The development of these technologies using Colorcon’s Opadry film coating systems is at an advanced stage in terms of the application process, in-use stability, and detection methodologies. These technologies can be implemented by pharmaceutical companies with little to no impact on their current film coating process. The only requirement is readers to detect the microtaggants for verification and quality assurance purposes. As the technology is applied using a standard film coating process, there is no additional capital expenditure required on the production line.
PharmTech: What specific advantages are gained through dosage level authentication versus packaging authentication?
Pond (Colorcon): Traceability and security measures focused on the packaging are not enough to protect to the patient level. Even if a package is authentic, it may be impossible to determine whether the medicine inside is real, fake, or diverted. As serialization matures it will be valuable for track and trace, but to achieve true supply chain security, on-dose authentication measures are the only viable option, and manufacturers recognize that they can no longer rely solely on packaging security features to ensure the authenticity of the product within.
On-dose authentication solutions are difficult to replicate or reverse engineer, provide a robust and reliable means of deterring and identifying counterfeiting and verifying product identity. Perhaps the most significant benefit of on-dose authentication is to increase the speed of decision-making in the supply chain for counterfeit or illegally diverted drugs. When a suspect event occurs, pharma companies will be able to react faster to determine if the product is real or fake, regardless of whether they have access to the packaging. Sometimes this process can take days to weeks, but with on-dose authentication, it is possible to authenticate a product in real-time.
Another application of on-dose authentication is incorporation in the clinical supply program, as on-dose microtaggants can reduce the opportunity for error in the allocation and administration of these expensive trials. Introducing on-dose authentication into clinical trials allows for validated patient engagement at any stage in the trial, ensuring the right patients are taking the right drugs at the right dosage. This validation is all done without impacting the blinding process.
PharmTech: Is there special manufacturing equipment required to implement dosage level authentication during the manufacture of tablets or pills?
Rajabi-Siahboomi (Colorcon): By leveraging current tablet coating and print technologies, new investment is not needed to incorporate the microtaggants into standard manufacturing procedures; they are simply added to a standard tablet film coating or capsule printing process. The film coating process doesn’t change and there is no impact on the final tablet finish. Relative to other manufacturing expenditures, the overall cost to the producer of the finished dosage form with microtaggants incorporated is negligible.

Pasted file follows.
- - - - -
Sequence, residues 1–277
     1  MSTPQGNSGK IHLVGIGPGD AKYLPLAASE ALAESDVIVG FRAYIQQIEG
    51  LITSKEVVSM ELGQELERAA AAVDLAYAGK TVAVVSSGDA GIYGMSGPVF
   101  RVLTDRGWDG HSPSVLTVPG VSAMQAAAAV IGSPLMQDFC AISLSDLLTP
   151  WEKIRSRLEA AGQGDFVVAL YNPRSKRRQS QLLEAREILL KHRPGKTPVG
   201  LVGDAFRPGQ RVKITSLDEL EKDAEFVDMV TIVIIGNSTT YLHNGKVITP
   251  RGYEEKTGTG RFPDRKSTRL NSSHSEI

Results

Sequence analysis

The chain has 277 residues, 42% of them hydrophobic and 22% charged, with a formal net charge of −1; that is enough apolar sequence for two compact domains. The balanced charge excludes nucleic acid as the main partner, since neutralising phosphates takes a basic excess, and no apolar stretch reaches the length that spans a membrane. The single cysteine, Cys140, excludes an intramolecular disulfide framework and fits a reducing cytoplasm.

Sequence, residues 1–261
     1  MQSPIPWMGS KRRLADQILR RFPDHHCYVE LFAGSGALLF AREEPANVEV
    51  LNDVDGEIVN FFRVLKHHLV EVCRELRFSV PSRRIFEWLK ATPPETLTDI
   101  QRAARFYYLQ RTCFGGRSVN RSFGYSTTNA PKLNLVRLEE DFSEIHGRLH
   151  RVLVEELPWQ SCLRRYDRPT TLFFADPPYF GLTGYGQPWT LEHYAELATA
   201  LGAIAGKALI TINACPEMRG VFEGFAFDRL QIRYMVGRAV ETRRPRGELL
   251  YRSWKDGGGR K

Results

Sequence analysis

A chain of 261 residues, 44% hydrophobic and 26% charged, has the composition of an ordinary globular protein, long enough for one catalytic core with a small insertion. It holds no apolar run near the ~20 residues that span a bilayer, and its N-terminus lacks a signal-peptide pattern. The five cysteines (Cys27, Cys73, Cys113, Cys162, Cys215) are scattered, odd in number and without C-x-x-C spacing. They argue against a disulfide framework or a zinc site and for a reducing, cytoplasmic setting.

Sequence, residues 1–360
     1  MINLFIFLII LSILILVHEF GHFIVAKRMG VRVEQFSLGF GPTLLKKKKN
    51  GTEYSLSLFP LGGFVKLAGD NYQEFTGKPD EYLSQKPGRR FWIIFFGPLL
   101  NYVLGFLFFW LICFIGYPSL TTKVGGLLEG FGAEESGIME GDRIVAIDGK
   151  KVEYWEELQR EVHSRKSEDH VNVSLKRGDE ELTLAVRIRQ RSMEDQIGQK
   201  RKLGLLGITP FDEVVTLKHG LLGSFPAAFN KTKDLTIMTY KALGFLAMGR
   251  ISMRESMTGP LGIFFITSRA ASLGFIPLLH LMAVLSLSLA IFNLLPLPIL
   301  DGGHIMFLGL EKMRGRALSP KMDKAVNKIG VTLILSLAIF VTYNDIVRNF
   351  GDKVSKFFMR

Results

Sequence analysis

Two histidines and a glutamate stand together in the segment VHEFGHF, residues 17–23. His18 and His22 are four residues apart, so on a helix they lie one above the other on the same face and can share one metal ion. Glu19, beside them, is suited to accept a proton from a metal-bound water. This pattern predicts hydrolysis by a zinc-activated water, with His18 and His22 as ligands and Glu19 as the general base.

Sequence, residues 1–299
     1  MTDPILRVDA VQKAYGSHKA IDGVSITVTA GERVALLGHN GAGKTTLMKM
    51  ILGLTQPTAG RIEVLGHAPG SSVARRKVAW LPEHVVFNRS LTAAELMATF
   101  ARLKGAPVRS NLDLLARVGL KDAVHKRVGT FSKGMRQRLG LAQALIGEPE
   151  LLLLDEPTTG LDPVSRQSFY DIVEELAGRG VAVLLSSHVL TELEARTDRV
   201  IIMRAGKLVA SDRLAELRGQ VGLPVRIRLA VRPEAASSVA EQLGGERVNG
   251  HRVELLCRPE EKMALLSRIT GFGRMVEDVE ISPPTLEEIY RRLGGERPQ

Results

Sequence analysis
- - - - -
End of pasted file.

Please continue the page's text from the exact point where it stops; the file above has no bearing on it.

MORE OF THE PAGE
The quantities of the microtaggants added to the film coatings or printing inks are small, so their inclusion does not affect how coatings are applied and will not have an impact on the stability or finished appearance of the final product. Additionally, as the ingredients of the microtaggants are inert, degradation or impurities should not occur over time. Although the use of microtaggants is not considered to be a safety issue, manufacturers must notify the regulator that a product has been tagged as part of their annual disclosure in the drug master file.
PharmTech: What future developments do you anticipate, both for regulatory requirements for product authentication and for dosage-level authentication approaches?
Rajabi-Siahboomi (Colorcon): We don’t anticipate any new regulatory requirements to implement on-dose authentication for either existing or new drug products. As with any new technology, it will take time for people to understand the offering and think about how it best supports their security strategy for the product and supply chain. We are working with the industry to explore how it integrates with serialization and confirm how this innovation brings advantages to product security, quality assurance, and also the commercial side, by engaging with patients to help manage their regimens and improve outcomes.
We have invested in the development of the technology and demonstrated the ease of implementation and robustness of the technology. The exciting future development will be to enhance patient engagement through the smartphone app. As well as verifying the drug product for a patient, other types of information could be linked through the smartphone, such as regimen reminders, dosing information, and other details regarding the medication.
Another interesting application is for clinical trials use, which are now being performed virtually because people can’t go to testing centers, due to COVID. How can we ensure that people who take clinical trial medication at home follow the correct medication regime? This is an important consideration as failure to take the medication as directed will give rise to misleading results, which can be enormously costly to companies as they develop new drug products. Currently, there’s a lot of interest in the clinical trial aspect of the technology.COVID has accelerated a lot of these advances and the future is with us now.
1. EUIPO, “Trade in Counterfeit Pharmaceutical Products,” euipo.europa.eu, accessed Mar. 11, 2021.
2. OECD, “Coronavirus (COVID-19) and the Global Trade in Fake Pharmaceuticals,” oecd.org, accessed Mar. 11, 2021.
3. FDA, “Drug Supply Chain Security Act (DSCSA),” fda.gov, accessed Mar. 11, 2021.
4. EMA, “Falsified Medicines: Overview,” ema.europa.eu, accessed Mar. 11, 2021.
5. FDA, “BeSafeRx: Your Source for Online Pharmacy Information,” fda.gov, Feb. 13, 2018.
6. WHO, “Substandard and Falsified Medical Products” who.int, accessed Mar. 11, 2021.
7. FDA, Incorporation of Physical-Chemical Identifiers into Solid Oral Dosage Form Drug Products for Anticounterfeiting (October 2011).
Felicity Thomas is the European editor for Pharmaceutical Technology Group.
Supplement: Solid Dosage Drug Development and Manufacturing
When referring to this article, please cite it as F. Thomas, “Securing Each Dose,” Solid Dosage Drug Development and Manufacturing Supplement (April 2021).